Treasure baskets build your babies core physical and social skills and help them learn about the world, helping them to understand and communicate with those around them.
Sitting alongside your baby and mirroring their play build trust, enhances communication, and develops your relationship.
They give you something to do with your baby. Sometimes its hard to find activities to entrain babies and young children, a treasure basket offers the opportunity to play with your baby.
No batteries required.
Remember that babies and young children should always be supervised when playing with treasure basket items to ensure they are using items safely.
Some Treasure Basket Ideas
Natural objects: fir cones, big shells, large walnuts, pumice stone, fruit (apple, lemon, orange), fresh herbs, stones, shells
Objects made from natural material: woollen ball, little baskets, brushes (test bristles are firmly attached)
Food: pasta, cereal, fruits, vegetables.
Wood: rattles, spoons, egg cups, bowls, pegs, napkin rings
Metal: spoons, tin lids, tea strainer, garlic press, bunch of old keys
Think about themed treasure baskets for example: Christmas, bathroom, kitchen, different textures, wooden things, shiny things, smelly things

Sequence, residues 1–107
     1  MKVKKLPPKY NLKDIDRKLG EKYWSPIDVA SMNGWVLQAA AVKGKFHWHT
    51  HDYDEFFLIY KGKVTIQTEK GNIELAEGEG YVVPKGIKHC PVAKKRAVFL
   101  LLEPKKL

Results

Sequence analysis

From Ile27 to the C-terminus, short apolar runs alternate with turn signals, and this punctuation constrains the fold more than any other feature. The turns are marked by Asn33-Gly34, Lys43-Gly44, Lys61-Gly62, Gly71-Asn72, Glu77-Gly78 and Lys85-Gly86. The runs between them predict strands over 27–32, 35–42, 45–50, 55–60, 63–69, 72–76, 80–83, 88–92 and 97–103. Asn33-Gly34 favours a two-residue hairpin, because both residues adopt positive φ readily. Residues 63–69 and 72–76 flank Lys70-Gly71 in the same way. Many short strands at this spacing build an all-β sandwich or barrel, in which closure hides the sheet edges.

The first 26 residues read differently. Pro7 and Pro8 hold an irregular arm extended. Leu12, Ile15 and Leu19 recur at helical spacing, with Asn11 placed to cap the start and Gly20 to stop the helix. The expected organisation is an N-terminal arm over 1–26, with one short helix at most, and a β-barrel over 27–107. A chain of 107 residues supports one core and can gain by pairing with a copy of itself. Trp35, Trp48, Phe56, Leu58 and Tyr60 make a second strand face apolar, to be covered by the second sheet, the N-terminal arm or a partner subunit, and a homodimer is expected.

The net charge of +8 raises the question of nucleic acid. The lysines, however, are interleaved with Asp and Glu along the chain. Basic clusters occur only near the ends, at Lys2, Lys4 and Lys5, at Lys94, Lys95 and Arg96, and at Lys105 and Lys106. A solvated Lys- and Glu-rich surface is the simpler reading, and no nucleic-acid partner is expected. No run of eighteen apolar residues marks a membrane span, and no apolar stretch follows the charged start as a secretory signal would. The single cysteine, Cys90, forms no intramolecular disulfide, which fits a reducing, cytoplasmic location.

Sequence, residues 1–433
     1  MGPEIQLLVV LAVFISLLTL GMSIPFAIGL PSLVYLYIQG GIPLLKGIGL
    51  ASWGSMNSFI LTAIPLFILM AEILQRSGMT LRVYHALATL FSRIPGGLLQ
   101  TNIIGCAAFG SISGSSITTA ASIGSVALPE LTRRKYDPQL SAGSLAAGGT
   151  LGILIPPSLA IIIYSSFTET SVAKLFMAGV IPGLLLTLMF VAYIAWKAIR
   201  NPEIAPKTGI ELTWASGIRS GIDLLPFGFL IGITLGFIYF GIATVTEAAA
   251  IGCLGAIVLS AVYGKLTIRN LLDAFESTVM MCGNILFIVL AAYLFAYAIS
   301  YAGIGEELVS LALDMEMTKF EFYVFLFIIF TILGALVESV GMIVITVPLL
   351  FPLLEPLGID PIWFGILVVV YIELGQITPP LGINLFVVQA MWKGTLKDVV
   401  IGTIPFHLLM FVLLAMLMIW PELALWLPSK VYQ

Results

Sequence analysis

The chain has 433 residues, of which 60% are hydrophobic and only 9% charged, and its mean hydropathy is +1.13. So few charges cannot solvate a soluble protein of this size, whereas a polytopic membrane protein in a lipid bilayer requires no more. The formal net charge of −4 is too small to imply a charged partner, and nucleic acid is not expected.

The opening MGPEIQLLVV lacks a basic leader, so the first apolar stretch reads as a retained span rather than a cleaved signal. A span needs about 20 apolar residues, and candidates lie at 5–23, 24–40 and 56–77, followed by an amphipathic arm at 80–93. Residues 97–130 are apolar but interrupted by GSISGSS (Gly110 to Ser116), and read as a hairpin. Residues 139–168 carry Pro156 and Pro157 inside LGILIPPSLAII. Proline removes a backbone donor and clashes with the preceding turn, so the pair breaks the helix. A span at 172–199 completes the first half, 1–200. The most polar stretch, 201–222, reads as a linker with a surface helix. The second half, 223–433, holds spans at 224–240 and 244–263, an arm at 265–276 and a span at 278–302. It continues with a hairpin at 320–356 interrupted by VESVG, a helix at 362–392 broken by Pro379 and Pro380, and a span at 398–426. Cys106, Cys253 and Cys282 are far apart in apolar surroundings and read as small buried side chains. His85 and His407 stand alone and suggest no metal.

How can the PBY Cheshire team help you?
Within Pregnancy, Baby & You Cheshire we have a few people who are happy to help you with your treasure basket queries, give you some ideas or pointers on where to start, so check out the directory or come and meet us at one of our friendly, relaxed and informal PBY Cheshire Pudding Clubs!
Where to get more information
Huleatt, H. (2015) Heuristic play. [Online] Available from: https://www.communityplaythings.co.uk/learning-library/articles/heuristic-play [Accessed 31/05/2022].
Goldschmied, E & Jackson, S. (1994), People Under Three: Young Children in Daycare. 1 st Edition. London, Routledge
Jackson, S., & Forbes, R. (2014). People Under Three: Play, work and learning in a childcare setting (3rd ed.). Routledge. https://doi.org/10.4324/9781315815275
Riddall-Leech, S. (2009) Heuristic Play: play in the EYFS. 1st Edition. London, MA Education Ltd.
Rijt, H. & Flooij, F. (2010) The Wonder Weeks. 2nd edition. The Netherlands, Kiddy World Productions B